Strong writing and communication skills are critical for many careers in the modern workplace. Employers look for candidates who can articulate ideas clearly and concisely. As businesses and other organizations focus strategy on creating content for marketing or other purposes, trained professional writers are primed to excel. Before you can qualify for a writing career, however, you will need to identify which type of writing degree is right for you — and there are more options than you may think.
Programs for Writing Majors
This professional writing major teaches students to write for different types of audiences and produce different types of business-facing content. Examples include white papers, how-to manuals and support documents for products and tools. This type of degree is a smart choice for those interested in working in technical fields.
A major in literature focuses heavily on reading novels, poems and other types of writing. Then, literature majors are tasked with writing papers about what they’ve read, analyzing it for style, themes and the author’s message. This type of writing degree also teaches students to think critically and conduct thorough research.
Creative writing majors spend more time producing their own written work than reading the work of others. Through a process of repeated revision and feedback, creative writers hone their own unique style. This major is ideal for those who are interested in a career as an author or blogger.
As communication skills become more important for business professionals, many students are choosing to pursue a business writing major. Also known as communications, this degree is designed for students who want to work in a business setting.
This major is designed to teach students about the foundation of languages. Students learn about the structure of language along with its use in communication. It’s ideal for those interested in careers in academics.
Journalism majors prepare students to work for newspapers, magazines and other publications, as well as television and online news sources. Coursework commonly focuses on fact-checking, interview skills, emerging media and more.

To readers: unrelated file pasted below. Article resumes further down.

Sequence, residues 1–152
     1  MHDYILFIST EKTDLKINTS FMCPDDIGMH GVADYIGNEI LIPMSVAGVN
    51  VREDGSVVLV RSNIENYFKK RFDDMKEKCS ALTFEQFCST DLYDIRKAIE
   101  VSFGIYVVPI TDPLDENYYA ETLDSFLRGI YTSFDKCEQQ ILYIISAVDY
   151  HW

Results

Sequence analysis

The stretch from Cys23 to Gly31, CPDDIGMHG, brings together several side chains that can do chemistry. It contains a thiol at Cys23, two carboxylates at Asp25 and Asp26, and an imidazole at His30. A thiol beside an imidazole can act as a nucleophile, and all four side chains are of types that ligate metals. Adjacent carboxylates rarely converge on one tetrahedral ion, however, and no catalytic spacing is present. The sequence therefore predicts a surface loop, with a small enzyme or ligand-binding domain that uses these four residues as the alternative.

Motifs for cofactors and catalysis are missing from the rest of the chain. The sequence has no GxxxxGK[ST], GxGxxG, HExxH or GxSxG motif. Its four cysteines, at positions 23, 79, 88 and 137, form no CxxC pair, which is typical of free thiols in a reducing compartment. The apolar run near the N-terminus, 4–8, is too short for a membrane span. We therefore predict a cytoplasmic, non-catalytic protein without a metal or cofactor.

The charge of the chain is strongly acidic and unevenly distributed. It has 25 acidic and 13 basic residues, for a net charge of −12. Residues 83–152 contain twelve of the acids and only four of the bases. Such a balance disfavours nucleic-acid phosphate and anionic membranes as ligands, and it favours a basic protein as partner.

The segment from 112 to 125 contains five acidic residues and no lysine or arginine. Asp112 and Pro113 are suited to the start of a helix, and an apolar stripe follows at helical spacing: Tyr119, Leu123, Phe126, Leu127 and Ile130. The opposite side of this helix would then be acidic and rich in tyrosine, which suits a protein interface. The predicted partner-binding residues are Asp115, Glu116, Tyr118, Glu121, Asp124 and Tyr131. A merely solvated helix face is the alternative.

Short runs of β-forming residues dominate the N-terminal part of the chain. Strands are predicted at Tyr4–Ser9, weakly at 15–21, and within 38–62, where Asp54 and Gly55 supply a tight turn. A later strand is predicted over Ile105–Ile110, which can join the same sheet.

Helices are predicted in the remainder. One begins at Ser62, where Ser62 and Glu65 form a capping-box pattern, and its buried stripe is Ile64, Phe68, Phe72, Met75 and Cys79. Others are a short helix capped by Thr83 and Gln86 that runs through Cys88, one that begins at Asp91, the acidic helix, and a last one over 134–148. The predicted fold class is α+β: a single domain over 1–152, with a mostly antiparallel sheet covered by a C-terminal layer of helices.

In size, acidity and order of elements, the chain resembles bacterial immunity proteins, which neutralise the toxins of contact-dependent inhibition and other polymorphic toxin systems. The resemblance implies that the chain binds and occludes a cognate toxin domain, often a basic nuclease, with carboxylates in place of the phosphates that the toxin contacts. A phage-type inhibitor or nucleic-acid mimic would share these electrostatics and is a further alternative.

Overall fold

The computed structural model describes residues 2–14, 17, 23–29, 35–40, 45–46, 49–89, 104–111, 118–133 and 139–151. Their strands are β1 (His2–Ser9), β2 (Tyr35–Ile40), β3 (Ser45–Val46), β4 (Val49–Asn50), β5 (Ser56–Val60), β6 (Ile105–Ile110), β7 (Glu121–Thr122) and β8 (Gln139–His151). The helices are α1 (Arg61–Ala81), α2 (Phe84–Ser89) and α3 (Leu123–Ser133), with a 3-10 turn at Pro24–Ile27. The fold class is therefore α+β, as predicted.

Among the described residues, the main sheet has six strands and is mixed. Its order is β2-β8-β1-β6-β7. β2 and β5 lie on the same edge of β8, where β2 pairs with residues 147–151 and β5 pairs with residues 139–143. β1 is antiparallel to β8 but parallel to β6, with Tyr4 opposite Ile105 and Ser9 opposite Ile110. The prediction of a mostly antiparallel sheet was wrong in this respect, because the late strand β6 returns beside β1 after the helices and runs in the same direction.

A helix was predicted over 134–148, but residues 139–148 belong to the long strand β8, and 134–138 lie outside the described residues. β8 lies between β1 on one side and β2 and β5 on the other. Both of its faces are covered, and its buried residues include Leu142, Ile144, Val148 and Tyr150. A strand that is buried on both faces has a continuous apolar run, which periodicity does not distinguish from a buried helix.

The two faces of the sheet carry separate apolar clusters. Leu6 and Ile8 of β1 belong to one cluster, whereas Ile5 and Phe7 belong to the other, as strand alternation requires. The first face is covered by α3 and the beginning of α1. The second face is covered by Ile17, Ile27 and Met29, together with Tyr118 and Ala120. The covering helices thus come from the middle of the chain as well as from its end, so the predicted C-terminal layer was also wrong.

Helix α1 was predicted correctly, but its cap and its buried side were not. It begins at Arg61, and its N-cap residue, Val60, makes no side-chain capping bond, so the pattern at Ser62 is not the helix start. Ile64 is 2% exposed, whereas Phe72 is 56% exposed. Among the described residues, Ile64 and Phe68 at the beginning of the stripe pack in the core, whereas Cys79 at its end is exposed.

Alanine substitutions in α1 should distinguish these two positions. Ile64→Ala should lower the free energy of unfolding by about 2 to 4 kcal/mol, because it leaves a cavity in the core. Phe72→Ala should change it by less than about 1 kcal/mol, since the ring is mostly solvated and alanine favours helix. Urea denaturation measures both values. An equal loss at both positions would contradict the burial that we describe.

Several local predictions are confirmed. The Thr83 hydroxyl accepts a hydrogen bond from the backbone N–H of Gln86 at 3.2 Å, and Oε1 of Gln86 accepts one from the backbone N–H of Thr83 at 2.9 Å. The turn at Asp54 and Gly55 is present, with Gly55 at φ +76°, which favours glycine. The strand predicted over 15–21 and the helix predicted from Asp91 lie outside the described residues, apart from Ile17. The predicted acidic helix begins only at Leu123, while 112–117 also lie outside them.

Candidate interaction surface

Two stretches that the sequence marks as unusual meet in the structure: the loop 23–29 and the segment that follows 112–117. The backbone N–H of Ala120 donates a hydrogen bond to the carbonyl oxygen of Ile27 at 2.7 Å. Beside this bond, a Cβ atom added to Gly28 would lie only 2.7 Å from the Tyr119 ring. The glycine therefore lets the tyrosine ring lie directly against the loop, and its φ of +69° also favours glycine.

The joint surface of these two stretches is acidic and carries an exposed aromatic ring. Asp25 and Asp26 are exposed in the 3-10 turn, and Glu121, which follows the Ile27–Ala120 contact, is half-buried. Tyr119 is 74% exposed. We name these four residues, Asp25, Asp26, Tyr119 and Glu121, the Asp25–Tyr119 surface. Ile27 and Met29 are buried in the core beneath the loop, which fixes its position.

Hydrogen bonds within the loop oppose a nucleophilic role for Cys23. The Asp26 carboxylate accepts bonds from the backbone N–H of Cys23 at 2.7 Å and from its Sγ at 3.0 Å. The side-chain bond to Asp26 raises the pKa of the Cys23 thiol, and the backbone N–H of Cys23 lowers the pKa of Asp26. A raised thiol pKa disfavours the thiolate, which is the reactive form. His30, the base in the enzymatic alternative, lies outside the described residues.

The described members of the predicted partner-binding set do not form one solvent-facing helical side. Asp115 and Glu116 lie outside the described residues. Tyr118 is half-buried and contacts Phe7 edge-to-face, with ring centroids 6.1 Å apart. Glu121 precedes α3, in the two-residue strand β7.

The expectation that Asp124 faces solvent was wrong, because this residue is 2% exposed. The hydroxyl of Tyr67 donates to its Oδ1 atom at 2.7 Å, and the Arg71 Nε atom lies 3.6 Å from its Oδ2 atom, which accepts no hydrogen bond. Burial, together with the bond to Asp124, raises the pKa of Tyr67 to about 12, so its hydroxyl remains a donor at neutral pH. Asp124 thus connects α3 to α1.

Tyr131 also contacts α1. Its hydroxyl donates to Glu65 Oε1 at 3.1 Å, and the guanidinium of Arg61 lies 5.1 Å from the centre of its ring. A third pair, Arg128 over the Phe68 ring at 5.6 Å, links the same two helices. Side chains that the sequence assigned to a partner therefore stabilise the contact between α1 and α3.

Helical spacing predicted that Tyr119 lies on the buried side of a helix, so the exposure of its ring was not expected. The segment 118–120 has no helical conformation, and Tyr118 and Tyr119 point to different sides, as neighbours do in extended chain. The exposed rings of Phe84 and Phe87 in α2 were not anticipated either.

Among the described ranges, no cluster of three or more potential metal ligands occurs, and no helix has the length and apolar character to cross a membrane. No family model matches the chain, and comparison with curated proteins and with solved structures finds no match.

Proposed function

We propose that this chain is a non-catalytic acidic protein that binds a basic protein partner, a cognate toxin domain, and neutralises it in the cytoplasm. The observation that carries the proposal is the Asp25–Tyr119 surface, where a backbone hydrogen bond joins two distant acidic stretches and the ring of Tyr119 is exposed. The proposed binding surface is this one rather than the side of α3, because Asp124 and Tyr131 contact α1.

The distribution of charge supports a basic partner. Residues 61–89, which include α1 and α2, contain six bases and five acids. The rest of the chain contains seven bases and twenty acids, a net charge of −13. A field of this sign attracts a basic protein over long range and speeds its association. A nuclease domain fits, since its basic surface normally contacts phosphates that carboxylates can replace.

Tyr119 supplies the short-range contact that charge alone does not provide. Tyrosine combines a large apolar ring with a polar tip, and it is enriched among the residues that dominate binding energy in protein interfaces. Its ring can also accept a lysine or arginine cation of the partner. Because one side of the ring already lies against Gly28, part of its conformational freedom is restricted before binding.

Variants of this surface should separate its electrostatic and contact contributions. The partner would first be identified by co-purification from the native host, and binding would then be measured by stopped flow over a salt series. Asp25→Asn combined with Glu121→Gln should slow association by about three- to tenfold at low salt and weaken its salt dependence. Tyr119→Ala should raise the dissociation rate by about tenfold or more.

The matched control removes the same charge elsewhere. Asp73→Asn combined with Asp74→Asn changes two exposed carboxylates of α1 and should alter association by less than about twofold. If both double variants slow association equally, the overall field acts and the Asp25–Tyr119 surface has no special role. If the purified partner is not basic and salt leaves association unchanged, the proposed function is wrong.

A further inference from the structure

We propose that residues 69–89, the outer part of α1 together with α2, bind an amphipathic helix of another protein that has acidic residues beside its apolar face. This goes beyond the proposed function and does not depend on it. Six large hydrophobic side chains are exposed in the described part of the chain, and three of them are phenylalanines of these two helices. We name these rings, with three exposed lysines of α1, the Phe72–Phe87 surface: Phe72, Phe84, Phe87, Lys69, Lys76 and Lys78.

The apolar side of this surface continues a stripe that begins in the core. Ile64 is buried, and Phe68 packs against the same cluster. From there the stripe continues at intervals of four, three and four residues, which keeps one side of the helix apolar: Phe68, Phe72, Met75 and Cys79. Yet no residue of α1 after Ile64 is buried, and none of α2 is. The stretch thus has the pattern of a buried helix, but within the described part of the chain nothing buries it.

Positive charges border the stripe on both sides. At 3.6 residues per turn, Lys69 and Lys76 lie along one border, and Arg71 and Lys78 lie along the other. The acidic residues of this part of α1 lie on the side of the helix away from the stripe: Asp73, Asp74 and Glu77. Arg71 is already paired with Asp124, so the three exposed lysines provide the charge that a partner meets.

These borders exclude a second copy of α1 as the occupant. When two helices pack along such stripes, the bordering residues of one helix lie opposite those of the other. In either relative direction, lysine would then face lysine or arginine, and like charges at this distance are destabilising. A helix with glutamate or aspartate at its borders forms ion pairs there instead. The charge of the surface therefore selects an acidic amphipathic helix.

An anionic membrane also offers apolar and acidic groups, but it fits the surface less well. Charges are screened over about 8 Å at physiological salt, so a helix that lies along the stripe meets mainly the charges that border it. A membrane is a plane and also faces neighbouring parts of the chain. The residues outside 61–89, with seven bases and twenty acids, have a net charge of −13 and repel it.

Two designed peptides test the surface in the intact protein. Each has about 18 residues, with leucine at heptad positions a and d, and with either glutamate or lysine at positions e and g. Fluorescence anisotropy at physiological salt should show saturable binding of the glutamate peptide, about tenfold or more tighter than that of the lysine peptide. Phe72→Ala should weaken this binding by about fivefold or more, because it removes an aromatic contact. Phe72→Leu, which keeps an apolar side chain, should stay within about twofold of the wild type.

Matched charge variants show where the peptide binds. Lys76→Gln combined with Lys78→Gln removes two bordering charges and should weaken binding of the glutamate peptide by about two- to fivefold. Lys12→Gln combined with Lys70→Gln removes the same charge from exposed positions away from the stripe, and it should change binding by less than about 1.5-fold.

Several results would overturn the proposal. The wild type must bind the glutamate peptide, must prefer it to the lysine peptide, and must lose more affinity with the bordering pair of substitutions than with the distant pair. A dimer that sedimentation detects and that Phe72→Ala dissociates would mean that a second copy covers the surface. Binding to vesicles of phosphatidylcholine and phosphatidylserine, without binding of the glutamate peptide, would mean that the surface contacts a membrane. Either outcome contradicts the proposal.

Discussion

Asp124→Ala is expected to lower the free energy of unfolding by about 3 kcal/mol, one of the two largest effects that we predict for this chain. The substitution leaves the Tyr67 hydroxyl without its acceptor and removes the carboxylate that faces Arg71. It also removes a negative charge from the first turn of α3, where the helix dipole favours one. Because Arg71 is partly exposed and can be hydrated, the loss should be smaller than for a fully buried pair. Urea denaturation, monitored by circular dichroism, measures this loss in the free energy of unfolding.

Once you’ve chosen a writing major, it is time to start thinking about careers after graduation. Here are some of the jobs writing majors are qualified for.
This writing career focuses on communicating complex information to diverse audiences, so that they can understand technical topics more easily. Technical writers are tasked with standardizing content and updating it to reflect customer feedback as well. The median salary for technical writers is $70,240.
This career involves writing advertising and marketing content for clients. Copywriters must be able to write concisely and convey a company’s brand identity effectively. They often work directly with clients to create content that meets their needs. The median salary for copywriters is $47,440, according to PayScale.
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The world needs strong writers and communicators. An online degree in Technical Writing from West Virginia State University will prepare you to land a profitable, sustainable career.Explore Degree Details
Business writers work for companies in a corporate context. They usually prepare reports and proposals for leadership and company stakeholders. Though the Bureau of Labor Statistics (BLS) does not provide salary information specifically for business writers, the median salary for writers is $60,250.
This writing career requires professionals to “inform the public about news and events happening internationally, nationally, and locally,” according to the BLS. Journalists conduct interviews, write articles and scripts, and research stories. The median annual salary for journalists is $37,720.
Editors work closely with writers and other content creators to “refine their styles and correct grammar or spelling errors,” according to PayScale. They must have a deep understanding of various style guides, such as Associated Press (AP) and Chicago Style. The median salary for editors is $49,872.
Which Major to Choose?
The writing careers you qualify for will depend largely on the major you choose. Creative writing usually involves fiction work for a general audience. The goal of creative writing is to entertain, and creative writing can be subjective and informal. Technical or professional writing, on the other hand, focuses on providing detailed information to the reader. These writers must communicate objective, factual details to their audience. Their purpose is to inform or instruct.
Any successful career in writing starts with the right education. West Virginia State University offers a fully online Bachelor of Arts in English – Technical Writing degree that focuses on developing skills at the intersection of business and writing. It combines a technical writing curriculum with coursework in critical reading, digital literacy and more. Students graduate prepared to excel in a wide variety of writing and communications careers.